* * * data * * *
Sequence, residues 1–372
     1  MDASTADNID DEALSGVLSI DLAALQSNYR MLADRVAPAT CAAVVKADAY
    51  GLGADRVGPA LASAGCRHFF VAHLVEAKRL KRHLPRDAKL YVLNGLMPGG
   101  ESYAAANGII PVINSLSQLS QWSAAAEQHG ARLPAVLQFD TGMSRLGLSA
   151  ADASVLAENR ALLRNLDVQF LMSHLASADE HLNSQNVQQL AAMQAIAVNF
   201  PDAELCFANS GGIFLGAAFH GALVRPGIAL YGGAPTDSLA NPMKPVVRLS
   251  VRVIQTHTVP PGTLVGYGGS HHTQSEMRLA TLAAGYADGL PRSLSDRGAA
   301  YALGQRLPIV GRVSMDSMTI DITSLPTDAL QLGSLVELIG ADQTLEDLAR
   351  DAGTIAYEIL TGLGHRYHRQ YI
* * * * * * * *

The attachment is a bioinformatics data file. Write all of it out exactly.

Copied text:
Sequence, residues 1–372
     1  MDASTADNID DEALSGVLSI DLAALQSNYR MLADRVAPAT CAAVVKADAY
    51  GLGADRVGPA LASAGCRHFF VAHLVEAKRL KRHLPRDAKL YVLNGLMPGG
   101  ESYAAANGII PVINSLSQLS QWSAAAEQHG ARLPAVLQFD TGMSRLGLSA
   151  ADASVLAENR ALLRNLDVQF LMSHLASADE HLNSQNVQQL AAMQAIAVNF
   201  PDAELCFANS GGIFLGAAFH GALVRPGIAL YGGAPTDSLA NPMKPVVRLS
   251  VRVIQTHTVP PGTLVGYGGS HHTQSEMRLA TLAAGYADGL PRSLSDRGAA
   301  YALGQRLPIV GRVSMDSMTI DITSLPTDAL QLGSLVELIG ADQTLEDLAR
   351  DAGTIAYEIL TGLGHRYHRQ YI